This is the demand of Jesus to every soul: Repent. Be changed deep within. Replace all God-dishonoring, Christ-belittling perceptions and dispositions and purposes with God-treasuring, Christ-exalting ones.
(Thoughts on Jesus’ Demand to Repent by John Piper)

Is once enough?

Reading through the Gospels it can seem as if repentance is a single major life event in which a person makes a total break with their old sinful ways and from then on lives fully devoted to God. Life experience and a closer look at the New testament shows this to be an inaccurate idea. The Apostle John writes:

If we say we have no sin, we deceive ourselves, and the truth is not in us. If we confess our sins, he is faithful and just to forgive us our sins and to cleanse us from all unrighteousness.
(1 John 1:8-9 ESV)

This clearly indicates that followers of Christ still sin and need to repent and confess their sin. For some church traditions repentance and confession can be a weekly occurrence, my own church does not have a formal confession tradition so this can easily be overlooked. Perhaps closer accountability might have pulled me up sooner, I’m not sure.

A Lenten journey

I suspect that I needed to hit rock bottom to force me to face a multitude of sins in my life. The Bible refers to the Israelites as being stiff-necked (Exodus 32:9), in other words ‘perversely obstinate’ and even resisting the Holy Spirit (see Acts 7:51) – a description which also fits me. While I may never know for sure, it could be that my annus horribilis was necessary to force me to either turn towards God or turn fully away from Him and so seal my fate.

So this Lent I am moving through an unplanned process of repentance and pruning. (I was going to use the word ‘refining’ but there is nothing refined about this process). The hardest parts of last year were due to depression, something I cannot control. The hardest parts now are seeing all the choice points at which I gave in to foolish, selfish and sinful decisions which I justified to myself because I felt too weak to choose better. That is a lie.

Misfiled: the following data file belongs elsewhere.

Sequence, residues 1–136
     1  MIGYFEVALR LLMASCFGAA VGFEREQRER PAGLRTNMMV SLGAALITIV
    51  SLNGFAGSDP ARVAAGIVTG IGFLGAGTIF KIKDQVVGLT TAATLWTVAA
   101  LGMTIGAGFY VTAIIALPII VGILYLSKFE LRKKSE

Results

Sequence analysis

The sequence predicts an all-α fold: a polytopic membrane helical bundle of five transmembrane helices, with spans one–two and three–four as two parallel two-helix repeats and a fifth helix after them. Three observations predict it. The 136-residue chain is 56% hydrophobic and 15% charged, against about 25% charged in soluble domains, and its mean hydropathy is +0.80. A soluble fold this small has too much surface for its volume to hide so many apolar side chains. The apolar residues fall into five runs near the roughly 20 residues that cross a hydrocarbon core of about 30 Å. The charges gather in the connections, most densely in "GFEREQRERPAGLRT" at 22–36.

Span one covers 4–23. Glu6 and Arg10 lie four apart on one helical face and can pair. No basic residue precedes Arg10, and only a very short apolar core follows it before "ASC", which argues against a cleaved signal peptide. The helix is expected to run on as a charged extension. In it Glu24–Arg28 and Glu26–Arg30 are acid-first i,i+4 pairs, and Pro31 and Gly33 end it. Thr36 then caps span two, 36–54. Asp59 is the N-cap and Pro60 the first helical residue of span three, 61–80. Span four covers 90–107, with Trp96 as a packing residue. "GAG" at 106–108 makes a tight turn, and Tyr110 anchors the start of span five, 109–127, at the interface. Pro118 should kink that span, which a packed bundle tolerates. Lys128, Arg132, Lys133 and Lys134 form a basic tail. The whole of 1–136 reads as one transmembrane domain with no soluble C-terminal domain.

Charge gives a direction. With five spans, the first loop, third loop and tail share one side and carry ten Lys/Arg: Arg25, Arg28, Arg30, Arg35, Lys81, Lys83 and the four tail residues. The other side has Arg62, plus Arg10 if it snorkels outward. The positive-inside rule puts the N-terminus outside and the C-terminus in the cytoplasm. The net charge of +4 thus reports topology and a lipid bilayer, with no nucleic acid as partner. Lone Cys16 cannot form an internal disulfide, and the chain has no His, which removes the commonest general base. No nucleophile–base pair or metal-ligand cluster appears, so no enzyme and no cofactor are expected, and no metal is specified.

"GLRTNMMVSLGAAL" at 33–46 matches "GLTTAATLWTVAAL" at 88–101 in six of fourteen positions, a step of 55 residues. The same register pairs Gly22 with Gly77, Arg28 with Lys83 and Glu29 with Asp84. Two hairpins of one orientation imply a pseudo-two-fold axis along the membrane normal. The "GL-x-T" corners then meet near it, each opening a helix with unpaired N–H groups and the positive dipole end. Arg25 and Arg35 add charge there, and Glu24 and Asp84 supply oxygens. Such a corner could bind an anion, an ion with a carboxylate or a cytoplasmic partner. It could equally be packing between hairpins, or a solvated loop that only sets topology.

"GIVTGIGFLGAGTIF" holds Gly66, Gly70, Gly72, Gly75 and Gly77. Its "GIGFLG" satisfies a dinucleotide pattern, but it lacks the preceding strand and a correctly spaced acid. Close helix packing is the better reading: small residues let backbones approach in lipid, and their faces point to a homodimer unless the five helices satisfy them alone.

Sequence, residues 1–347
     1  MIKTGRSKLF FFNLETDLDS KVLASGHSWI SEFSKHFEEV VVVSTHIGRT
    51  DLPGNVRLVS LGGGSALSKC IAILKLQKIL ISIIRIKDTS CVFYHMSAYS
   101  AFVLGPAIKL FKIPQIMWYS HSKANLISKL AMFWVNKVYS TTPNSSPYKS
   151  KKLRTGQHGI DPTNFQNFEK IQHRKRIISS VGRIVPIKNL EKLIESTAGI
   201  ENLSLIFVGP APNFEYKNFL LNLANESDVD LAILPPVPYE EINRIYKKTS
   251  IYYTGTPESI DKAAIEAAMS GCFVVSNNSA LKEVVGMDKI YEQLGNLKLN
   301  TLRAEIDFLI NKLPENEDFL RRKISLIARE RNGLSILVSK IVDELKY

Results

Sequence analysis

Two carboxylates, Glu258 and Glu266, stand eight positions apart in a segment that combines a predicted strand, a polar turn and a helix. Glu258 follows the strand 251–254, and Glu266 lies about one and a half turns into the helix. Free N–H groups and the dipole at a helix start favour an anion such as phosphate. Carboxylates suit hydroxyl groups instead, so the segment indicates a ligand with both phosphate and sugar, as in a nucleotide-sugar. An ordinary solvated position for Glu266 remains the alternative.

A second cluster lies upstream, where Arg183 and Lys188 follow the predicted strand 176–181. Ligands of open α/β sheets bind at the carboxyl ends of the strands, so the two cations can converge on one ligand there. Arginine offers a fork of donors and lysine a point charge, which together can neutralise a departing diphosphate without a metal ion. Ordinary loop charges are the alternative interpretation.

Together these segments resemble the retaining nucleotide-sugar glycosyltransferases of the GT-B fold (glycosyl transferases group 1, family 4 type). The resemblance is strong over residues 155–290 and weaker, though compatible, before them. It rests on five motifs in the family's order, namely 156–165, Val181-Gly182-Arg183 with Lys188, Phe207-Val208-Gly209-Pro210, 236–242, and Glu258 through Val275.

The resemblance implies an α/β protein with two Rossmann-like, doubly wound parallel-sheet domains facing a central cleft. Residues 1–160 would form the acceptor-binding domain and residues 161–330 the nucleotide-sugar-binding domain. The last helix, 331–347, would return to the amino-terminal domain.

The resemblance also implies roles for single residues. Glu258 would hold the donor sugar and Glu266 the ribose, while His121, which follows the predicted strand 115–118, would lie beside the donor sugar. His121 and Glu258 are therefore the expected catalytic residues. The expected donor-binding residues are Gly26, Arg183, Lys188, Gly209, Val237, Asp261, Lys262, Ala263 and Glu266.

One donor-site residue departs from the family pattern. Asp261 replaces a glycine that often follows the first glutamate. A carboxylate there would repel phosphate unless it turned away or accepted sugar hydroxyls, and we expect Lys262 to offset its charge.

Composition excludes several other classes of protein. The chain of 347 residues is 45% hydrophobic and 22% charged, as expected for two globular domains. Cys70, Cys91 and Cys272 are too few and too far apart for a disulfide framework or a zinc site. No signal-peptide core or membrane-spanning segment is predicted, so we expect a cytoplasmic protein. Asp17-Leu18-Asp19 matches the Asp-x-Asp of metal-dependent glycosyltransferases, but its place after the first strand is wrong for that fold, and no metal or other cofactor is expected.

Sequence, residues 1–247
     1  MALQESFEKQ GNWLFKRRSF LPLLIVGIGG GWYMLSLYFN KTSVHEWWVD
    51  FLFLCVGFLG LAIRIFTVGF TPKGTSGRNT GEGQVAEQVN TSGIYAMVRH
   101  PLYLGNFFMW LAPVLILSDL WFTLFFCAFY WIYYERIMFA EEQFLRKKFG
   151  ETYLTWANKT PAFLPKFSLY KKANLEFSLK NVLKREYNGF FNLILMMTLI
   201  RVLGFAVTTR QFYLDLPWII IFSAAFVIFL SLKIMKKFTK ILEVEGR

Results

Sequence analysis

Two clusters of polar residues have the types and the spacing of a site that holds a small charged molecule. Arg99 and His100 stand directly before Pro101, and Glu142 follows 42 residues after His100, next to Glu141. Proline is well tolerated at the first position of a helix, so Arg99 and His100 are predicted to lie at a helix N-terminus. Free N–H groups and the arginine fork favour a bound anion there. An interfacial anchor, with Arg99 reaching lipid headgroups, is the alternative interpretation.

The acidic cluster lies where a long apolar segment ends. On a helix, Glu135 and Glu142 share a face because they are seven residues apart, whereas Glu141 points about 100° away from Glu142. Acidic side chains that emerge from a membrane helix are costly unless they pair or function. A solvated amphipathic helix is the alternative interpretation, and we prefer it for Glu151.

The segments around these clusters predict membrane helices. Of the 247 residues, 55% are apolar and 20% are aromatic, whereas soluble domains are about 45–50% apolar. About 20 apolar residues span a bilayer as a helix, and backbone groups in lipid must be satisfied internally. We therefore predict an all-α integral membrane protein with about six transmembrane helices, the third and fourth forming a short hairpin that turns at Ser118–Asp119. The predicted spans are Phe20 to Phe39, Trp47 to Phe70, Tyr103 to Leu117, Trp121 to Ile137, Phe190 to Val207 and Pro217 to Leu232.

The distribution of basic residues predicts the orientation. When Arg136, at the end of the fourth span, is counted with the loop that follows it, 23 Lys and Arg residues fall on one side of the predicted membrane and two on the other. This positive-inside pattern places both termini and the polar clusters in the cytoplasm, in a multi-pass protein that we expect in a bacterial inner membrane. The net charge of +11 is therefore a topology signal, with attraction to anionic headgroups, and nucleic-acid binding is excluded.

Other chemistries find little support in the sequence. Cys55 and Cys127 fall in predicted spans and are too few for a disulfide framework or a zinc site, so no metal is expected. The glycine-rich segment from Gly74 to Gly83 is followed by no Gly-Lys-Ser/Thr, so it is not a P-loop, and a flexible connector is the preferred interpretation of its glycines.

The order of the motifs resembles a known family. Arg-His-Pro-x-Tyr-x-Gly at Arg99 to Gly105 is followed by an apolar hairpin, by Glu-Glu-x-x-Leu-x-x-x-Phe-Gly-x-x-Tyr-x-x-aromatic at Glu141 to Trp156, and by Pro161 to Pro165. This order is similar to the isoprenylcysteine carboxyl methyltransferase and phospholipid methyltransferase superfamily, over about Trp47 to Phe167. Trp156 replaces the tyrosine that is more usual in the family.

Some choices result in a harder path than others, but the first step along those paths is often no more difficult than the first step down an easy path that leads to destruction. Depression does impair decision making, yet I was still able to make the choice of asking my wife to help me get treatment rather than taking the overdose I had in my hands. I’m sure grace played a large part in that also, why did I not allow God’s grace and the strength of the Holy Spirit help me in other decisions?

Joy in repentance

Repentance is hard to walk through, it involves brokenness and humiliation in recalling past sins, but it is not a bad thing. To turn from sinful ways and run to Jesus is actually the best thing. To acknowledge sin is painful, yet it is the pain of having a cancer cut away – it leads to healing. Best of all, it leads to acceptance with God and this is a joyful experience even while wounds may sting.

I tell you, there is joy before the angels of God over one sinner who repents.
(Luke 15:10 ESV)


What others have to say on this topic:

Scripture references:

Exodus 32:9 And the LORD said to Moses, “I have seen this people, and behold, it is a stiff-necked people. (ESV)
Acts 7:51 “You stiff-necked people, uncircumcised in heart and ears, you always resist the Holy Spirit. As your fathers did, so do you.” (ESV)

Image: ‘Forgiven Much’ by Keith Johnson (see Luke 7:47: “Therefore I tell you, her sins, which are many, are forgiven—for she loved much. But he who is forgiven little, loves little.”)